A former J.P. Morgan analyst was called to the witness stand Monday in a federal trial accusing another ex-analyst of insider trading, testifying the colleague divulged that he “accidentally slipped once or twice” in telling a friend about a pending Salesforce.com acquisition.
The CEO of Bio-Rad Technologies defended himself and the life sciences company against claims its former general counsel was retaliated against for reporting violations of the Foreign Corrupt Practices Act, saying he was really fired because he “came unglued,” yelled at co-workers and caused the company to miss federal filing deadlines.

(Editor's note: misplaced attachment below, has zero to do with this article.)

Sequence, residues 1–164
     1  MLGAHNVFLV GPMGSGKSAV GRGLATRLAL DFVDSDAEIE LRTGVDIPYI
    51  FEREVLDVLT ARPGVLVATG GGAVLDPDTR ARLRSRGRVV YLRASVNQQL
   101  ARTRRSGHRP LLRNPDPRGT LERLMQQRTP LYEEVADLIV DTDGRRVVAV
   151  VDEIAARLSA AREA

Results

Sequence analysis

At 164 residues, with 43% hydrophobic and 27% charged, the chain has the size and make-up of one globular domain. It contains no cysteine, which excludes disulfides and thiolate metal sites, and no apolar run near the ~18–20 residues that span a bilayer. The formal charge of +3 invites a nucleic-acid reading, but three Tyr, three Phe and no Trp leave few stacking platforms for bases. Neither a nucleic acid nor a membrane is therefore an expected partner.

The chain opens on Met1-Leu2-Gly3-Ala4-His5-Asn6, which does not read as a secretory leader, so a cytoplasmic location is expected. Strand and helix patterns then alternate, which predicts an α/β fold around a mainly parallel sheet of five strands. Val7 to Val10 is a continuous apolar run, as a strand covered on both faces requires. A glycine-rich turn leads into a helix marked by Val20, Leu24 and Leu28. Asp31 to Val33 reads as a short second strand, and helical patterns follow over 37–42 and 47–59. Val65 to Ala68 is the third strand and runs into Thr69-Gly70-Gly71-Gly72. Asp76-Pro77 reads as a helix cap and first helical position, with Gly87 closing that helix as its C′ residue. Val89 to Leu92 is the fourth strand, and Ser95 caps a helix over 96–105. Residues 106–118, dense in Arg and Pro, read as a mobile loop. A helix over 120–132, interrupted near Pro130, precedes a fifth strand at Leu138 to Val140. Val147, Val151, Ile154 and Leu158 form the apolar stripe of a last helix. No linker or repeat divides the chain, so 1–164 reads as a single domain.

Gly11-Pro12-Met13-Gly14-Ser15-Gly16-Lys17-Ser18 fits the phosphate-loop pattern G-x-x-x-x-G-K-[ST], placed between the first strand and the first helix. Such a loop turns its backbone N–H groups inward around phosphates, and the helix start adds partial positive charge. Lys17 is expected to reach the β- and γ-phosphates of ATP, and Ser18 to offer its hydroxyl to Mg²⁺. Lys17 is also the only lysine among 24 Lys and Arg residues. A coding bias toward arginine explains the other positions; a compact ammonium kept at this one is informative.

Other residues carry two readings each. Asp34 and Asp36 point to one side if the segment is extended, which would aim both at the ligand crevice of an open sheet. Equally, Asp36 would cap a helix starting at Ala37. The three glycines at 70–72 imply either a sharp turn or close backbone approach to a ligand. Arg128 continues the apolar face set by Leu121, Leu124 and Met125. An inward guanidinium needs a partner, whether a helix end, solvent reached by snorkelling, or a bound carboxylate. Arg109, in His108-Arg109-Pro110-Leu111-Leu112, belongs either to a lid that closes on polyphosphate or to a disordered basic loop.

Google Inc. asked the Federal Circuit to take a second look at its decision that the Patent Trial and Appeal Board shouldn’t have instituted an America Invents Act-covered-business-method review of a wireless location patent, saying Monday it wasn’t the court’s place to make that call.
While President Donald Trump is expected to further delay the start of the U.S. Department of Labor's fiduciary rule for retirement account advisers beyond the regulatory freeze imposed Friday, experts said the path to an actual rollback of the regulation is still unclear — especially if firms that have already put millions into compliance choose not to dismantle their efforts.
Legal operations professionals tasked with quantifying corporate legal departments’ budgets, efficiency and effectiveness have a full plate, tracking numerous metrics they deem important with little automation to lessen their load, according to recently releaed survey results.